African Americans was not the only group working toward equality and justice. Spanish-speaking Americans wanted many of the same things—good jobs, decent housing and education for their children. The civil rights legislation of the 1960’s benefited Spanish-speaking people (Chicanos, Mexican American or Hispanic Americans) as well as other minority groups. Many understood that this was a beginning, but much work had to be done before they would overcome discrimination and poverty in the American society.
The Chicanos have a history of resistance to oppression. It began long before the 1960’s. The Puerto Ricans, the Cubans, the Mexicans—all fought for freedom and justice. For years after the United States annexed a huge part of their territory in the 1840’s, Chicanos, following the leadership of men like Juan Cortina, carried on guerrilla warfare against those who occupied their land. They became “bandidos.” Juan Flores, Joaquin Murieta and Vasquez fought the tyranny of the American Anglos. They were treated as criminals and protected by the poor Chicanos who wished they could do the same.
A more organized form of resistance came into being when Chicano workers began to form labor unions. As early as 1883, Mexican Americans were striking in the Texas Panhandle. La Alianza Hispanoamericana organized workers in the copper mines and on the railroads in the late nineteenth century. There were strikes of the sugar beet field workers of Colorado, of the streetcar line workers of Los Angeles and the cigar makers in Florida in 1903. Their militant resistance was spurred on by the revolutionary movements in Cuba and Mexico.
Since World War II, Spanish-speaking people have turned to politics as a way of bringing about change. On some issues, such as housing and the use of Spanish in schools, various groups have worked together. But for the most part, different groups organized around certain goals.
A number of groups were organized to fight unfair treatment. For example, when a Texas funeral home refused to bury a Mexican soldier of World War II, veterans organized the G.I. Forum. This group was determined to end discrimination. Members believed that the voting booth was where their struggle should begin. They organized voter-registration drives in communities throughout the Southwest.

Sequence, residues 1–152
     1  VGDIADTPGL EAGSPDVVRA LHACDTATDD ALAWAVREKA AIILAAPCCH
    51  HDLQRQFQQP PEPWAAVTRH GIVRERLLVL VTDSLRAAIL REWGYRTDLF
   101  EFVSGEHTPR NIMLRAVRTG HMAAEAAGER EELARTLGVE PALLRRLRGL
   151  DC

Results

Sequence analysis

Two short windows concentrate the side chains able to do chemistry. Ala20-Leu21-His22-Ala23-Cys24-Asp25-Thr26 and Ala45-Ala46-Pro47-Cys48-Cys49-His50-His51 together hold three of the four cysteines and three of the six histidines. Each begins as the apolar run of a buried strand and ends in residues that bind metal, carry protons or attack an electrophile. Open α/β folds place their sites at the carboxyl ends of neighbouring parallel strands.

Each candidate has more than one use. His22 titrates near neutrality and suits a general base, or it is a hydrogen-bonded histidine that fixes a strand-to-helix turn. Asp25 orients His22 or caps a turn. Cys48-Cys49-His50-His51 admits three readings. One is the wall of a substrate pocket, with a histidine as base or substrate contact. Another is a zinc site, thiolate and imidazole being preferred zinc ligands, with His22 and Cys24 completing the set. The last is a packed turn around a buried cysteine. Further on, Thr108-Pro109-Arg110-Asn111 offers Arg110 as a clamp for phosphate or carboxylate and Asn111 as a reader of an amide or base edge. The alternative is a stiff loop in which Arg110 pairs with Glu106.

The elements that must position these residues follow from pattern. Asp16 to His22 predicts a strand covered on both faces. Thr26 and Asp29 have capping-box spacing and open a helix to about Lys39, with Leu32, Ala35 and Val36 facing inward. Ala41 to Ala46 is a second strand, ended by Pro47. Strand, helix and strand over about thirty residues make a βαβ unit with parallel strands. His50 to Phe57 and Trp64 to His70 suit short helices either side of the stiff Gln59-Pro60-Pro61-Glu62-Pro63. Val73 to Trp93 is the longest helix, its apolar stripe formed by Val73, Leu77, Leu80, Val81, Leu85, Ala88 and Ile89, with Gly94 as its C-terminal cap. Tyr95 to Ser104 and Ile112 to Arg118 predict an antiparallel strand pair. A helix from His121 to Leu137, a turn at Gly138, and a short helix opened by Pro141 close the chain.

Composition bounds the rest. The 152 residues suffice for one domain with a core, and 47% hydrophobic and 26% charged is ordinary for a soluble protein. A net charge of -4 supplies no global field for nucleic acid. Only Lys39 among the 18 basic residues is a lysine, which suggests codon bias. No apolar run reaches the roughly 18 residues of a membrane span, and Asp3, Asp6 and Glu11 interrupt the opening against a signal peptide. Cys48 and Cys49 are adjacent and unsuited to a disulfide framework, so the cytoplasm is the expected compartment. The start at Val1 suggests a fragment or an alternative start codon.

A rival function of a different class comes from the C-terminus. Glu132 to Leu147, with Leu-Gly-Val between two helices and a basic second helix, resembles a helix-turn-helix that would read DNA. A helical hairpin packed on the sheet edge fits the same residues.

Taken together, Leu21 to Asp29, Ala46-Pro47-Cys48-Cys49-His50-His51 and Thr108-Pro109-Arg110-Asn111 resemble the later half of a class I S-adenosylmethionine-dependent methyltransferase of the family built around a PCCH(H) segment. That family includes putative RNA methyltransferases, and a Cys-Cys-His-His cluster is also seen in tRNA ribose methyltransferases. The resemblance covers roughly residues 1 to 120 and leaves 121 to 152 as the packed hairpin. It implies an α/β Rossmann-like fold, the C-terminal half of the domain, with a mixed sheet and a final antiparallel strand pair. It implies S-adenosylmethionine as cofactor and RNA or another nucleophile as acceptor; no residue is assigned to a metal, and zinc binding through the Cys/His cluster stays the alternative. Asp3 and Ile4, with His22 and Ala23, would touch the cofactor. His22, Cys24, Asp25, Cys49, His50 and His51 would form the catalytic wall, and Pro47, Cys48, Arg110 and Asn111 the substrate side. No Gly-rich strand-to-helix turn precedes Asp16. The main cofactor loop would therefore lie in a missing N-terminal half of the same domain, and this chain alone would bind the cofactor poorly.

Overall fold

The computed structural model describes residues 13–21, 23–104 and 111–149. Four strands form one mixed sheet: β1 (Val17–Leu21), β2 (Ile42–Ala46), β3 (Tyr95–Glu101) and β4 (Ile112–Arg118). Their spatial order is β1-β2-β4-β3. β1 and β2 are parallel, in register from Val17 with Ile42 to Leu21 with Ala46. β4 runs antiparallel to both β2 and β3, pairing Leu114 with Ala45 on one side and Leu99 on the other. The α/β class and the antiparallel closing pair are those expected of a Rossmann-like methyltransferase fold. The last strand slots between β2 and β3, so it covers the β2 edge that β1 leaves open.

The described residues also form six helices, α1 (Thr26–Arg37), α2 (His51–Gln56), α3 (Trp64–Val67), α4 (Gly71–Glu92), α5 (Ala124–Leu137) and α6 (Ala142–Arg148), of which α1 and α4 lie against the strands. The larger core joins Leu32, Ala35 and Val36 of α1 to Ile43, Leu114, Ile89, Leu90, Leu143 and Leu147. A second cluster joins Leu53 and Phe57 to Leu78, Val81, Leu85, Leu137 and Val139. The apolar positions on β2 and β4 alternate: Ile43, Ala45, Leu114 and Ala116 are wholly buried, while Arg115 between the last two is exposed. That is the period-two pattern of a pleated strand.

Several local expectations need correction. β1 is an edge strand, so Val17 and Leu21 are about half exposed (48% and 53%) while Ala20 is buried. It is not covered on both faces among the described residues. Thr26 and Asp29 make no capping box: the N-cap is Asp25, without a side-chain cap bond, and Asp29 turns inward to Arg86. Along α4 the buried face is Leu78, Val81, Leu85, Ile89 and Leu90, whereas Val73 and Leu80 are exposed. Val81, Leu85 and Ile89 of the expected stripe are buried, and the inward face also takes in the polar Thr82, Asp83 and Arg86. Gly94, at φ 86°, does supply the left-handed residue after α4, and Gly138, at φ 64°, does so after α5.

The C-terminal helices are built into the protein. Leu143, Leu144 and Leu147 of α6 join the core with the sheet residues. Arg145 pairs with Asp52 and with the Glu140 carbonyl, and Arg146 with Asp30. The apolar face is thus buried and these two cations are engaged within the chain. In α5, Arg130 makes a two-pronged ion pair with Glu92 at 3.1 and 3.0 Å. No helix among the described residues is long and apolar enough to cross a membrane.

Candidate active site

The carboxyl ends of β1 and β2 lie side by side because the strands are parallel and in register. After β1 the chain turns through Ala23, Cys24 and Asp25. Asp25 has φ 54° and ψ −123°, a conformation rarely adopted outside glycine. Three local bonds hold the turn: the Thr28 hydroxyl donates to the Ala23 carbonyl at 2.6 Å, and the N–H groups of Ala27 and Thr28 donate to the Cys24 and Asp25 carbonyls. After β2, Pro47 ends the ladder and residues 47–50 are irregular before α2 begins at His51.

Other groups also worked to elect candidates who would help Spanish-speaking people. In 1949, Mexican Americans in Los Angeles formed the Community Service Organization (CSO) to elect a Mexican American to the city council. After victory, the CSO went on to challenge discrimination in housing, employment, schools and courts of law.
Cesar Chavez was an early leader of the CSO and a worker for civil rights. He became a strong leader in a nonviolent movement to raise the standard of living for farm workers, most of whom were Mexican Americans. Chavez helped organize the National Farm Worker’s Association in 1962. Its members joined a strike begun by Filipinos of the Agricultural Workers’ Organizing Committee (AWOC). These two groups joined the AFL-CIO as the United Farm Workers’ Organizing Committee (UFWOC). The UFWOC organized strikes and boycotts against large companies that grew grapes and lettuce.
It was “La Huelga,” the militant struggle for farm workers in California led by Cesar Chavez in 1965 that awakened the whole nation to the oppression of Chicanos. Chavez was a master of modern communications. He was able to bring together Anglo and college students with uneducated farm workers. He helped to break down the wall between middle-class Mexican Americans and poor Chicanos.
La Huelga became more than a struggle for better working conditions and higher salaries. It was a movement of the poor for ending racism and inequality. It was the first successful national boycott in the history of American labor. Even so, after five years of bitter striking, the success of the workers led by Chavez must be considered minimal. The migrant workers remain the worst housed, the worst paid and the most exploited labor force in the United States. The victory helped call attention to the problems of Mexican Americans.
Mexican Americans formed other groups to fight for different needs. The Alianza, founded by Reies Lopez Tijerina in New Mexico, works to regain families’ deeds to lands lost to the federal government through treaties such as the Treaty of Guadalupe Hidalgo. Rodolfo Gonzales formed the Crusade for Justice in Colorado mainly to gain civil rights. La Raza Unida of Texas set up a new political party under the leadership of Jose Angel Gutierrez. These groups have grown and spread to other areas. They have used different ways at different times to reach their goals. Sometimes they have used force. At most other times, they have followed the nonviolent example of Chavez.
Today, Chicanos still do not always agree on ways to bring about change. Some believe marches are not a good means of bringing change. But many now openly speak out and demand rights as citizens.